Media Contacts

Lisa Herron, USDA Forest Service, 530-543-2815

Jeff Cowen, Tahoe Regional Planning Agency, 775-589-5278

LAKE TAHOE, Calif./Nev. – The USDA Forest Service Lake Tahoe Basin Management Unit (LTBMU) is seeking community input on the environmental review of the Meeks Bay Restoration Project.

The LTBMU, in conjunction with Tahoe Regional Planning Agency, and Lahontan Regional Water Quality Control Board, is developing a plan to restore Meeks Creek to a more natural condition, while continuing to support sustainable recreation opportunities.

In 1960, a marina with approximately 120 boat slips and a boat launch facility was dredged at the mouth of Meeks Creek, on the West Shore of Lake Tahoe. The marina eliminated a unique wetland habitat for numerous bird, mammal, and amphibian species. The deteriorating condition of the existing marina infrastructure, along with concerns over water quality, aquatic invasive species, and degraded habitat for native species prompted the need for action in Meeks Bay.

The beachhead at Meeks Bay, which used to contain a natural wetland, is interrupted by the bulkhead walls of an inoperative marina. A project to control aquatic invasive weeds in the marina is ongoing. 


“The release of the environmental review marks a key milestone in the ultimate restoration of beautiful Meeks Bay,” said LTBMU Forest Supervisor, Erick Walker.

The lead agencies are jointly circulating a draft environmental impact statement/environmental impact statement/environmental impact report (Draft EIS/EIS/EIR) for public comment for 60 days beginning June 10, 2022, through August 9, 2022. This Draft EIS/EIS/EIR evaluates the environmental impacts of the proposed project and identifies ways to minimize or mitigate potential impacts.

The proposed project aims to:

  • Restore a functioning stream and lagoon ecosystem
  • Control and eradicate aquatic invasive species
  • Enhance fish and wildlife habitat
  • Provide sustainable recreation opportunities and access
  • Improve educational and interpretive opportunities
  • Restore habitat for Tahoe yellow cress, Lahontan cutthroat trout, and species of value to the Washoe Tribe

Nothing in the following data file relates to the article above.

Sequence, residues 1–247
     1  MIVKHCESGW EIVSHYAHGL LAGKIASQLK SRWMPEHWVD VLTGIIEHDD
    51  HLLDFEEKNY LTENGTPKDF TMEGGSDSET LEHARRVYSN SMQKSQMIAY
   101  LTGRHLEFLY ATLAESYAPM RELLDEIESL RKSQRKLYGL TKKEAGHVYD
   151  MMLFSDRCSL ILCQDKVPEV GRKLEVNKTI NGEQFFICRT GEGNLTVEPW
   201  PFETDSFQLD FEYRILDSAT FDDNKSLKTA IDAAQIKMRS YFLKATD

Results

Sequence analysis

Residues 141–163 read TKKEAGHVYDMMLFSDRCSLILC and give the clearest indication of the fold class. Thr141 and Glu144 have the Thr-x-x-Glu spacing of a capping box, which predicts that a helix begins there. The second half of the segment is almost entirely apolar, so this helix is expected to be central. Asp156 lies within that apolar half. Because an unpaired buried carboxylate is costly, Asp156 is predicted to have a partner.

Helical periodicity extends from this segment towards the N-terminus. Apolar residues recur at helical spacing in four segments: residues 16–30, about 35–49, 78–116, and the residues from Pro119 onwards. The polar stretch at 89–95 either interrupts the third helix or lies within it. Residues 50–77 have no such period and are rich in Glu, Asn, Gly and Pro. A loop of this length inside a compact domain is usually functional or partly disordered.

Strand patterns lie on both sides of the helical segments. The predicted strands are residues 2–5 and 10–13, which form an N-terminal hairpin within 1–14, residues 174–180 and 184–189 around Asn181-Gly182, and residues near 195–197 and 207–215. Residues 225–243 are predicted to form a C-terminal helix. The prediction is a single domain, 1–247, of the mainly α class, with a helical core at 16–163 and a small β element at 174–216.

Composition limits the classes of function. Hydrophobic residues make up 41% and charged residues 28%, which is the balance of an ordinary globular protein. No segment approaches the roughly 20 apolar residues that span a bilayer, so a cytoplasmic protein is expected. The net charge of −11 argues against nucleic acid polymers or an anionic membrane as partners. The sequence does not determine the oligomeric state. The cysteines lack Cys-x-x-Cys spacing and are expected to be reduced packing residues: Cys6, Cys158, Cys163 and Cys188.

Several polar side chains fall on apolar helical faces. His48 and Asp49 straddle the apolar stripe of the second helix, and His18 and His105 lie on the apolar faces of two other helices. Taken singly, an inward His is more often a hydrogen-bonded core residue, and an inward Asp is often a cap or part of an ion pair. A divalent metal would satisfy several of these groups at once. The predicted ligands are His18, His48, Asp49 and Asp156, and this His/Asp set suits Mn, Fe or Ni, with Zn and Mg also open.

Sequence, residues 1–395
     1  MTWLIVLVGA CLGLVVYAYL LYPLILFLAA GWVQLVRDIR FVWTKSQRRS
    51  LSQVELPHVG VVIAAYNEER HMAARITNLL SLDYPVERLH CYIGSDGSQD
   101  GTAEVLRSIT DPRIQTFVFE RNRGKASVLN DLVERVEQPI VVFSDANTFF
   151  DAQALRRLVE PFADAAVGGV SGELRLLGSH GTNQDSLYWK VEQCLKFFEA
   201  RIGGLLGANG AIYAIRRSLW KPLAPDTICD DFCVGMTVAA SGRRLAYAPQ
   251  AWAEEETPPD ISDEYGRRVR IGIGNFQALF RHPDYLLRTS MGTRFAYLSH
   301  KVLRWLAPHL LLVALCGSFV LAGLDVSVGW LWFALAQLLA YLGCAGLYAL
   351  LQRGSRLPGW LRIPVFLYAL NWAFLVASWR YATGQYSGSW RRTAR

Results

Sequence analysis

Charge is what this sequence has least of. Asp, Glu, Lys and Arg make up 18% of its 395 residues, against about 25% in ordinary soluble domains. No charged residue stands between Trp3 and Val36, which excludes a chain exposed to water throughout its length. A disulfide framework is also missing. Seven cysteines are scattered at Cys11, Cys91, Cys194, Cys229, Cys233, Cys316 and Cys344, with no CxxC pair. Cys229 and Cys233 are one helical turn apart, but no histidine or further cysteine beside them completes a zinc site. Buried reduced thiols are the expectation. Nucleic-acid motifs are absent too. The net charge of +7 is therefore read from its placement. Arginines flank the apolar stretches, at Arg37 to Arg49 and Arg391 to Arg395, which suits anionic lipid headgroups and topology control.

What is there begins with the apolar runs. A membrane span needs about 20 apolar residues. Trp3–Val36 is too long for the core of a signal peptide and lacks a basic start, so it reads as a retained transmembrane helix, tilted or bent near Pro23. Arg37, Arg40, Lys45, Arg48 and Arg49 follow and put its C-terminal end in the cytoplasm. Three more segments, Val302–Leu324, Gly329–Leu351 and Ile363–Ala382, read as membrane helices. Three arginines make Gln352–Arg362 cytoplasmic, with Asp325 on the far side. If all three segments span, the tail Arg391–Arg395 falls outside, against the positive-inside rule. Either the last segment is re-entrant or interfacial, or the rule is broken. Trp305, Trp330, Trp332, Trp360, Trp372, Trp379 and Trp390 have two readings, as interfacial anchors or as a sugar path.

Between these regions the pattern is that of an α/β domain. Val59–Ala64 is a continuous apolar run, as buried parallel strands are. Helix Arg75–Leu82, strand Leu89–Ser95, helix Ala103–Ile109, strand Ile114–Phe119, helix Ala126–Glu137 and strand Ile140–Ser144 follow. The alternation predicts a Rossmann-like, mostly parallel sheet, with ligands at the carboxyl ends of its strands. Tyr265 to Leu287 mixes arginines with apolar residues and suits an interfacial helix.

“Providing substantive comments helps us refine the proposed project to best restore and enhance this most beloved place on the West Shore,” said Tahoe Regional Planning Agency Executive Director, Joanne S. Marchetta.

To read the Notice of Availability and comment on the draft environmental document, visit Comments must be submitted or posted before midnight on August 9, 2022.

The agencies will be hosting a virtual public workshop at 5:30 p.m. on June 27, 2022, to provide background on the site and need for the project, review the draft alternatives, and to answer any questions.

TRPA Governing Board Meeting

June 22, 2022
Meeting time to be posted no later than June 15, 2022
Meeting materials and Zoom login will be posted at, seven days prior to the meeting.

Public Workshop

June 27, 2022
5:30 p.m.

In addition to the public workshop, a representative stakeholder forum will provide feedback on the draft alternatives and environmental review to ensure the environmental analysis includes the best information and science. The stakeholder forum includes Meeks Bay associations, the Washoe Tribe, and motorized and non-motorized proponents, among others.

The Meeks Bay Restoration Project aims to restore Meeks Creek to a more natural condition while continuing to support sustainable recreation opportunities. This project is multi-stakeholder collaborative initiative convened by the U.S. Forest Service Lake Tahoe Basin Management Unit, Tahoe Regional Planning Agency, and Lahontan Regional Water Quality Control Board, to engage key community groups and the public at large in the development of project alternatives. Learn more at


The Tahoe Regional Planning Agency leads the cooperative effort to preserve, restore, and enhance the unique natural and human environment of the Lake Tahoe Region, while improving local communities, and people’s interactions with our irreplaceable environment. For additional information, contact Jeff Cowen, Public Information Officer, at 775-589-5278.

The mission of the U.S. Forest Service, part of the U.S. Department of Agriculture, is to sustain the health, diversity and productivity of the nation’s forests and grasslands to meet the needs of present and future generations. The agency manages 193 million acres of public land, provides assistance to state and private landowners, and maintains the largest forestry research organization in the world. Public lands the Forest Service manages contribute more than $13 billion to the economy each year through visitor spending alone. Those same lands provide 20 percent of the nation’s clean water supply, a value estimated at $7.2 billion per year. The agency has either a direct or indirect role in stewardship of about 80 percent of the 850 million forested acres within the U.S., of which 100 million acres are urban forests where most Americans live. USDA is an equal opportunity provider, employer, and lender.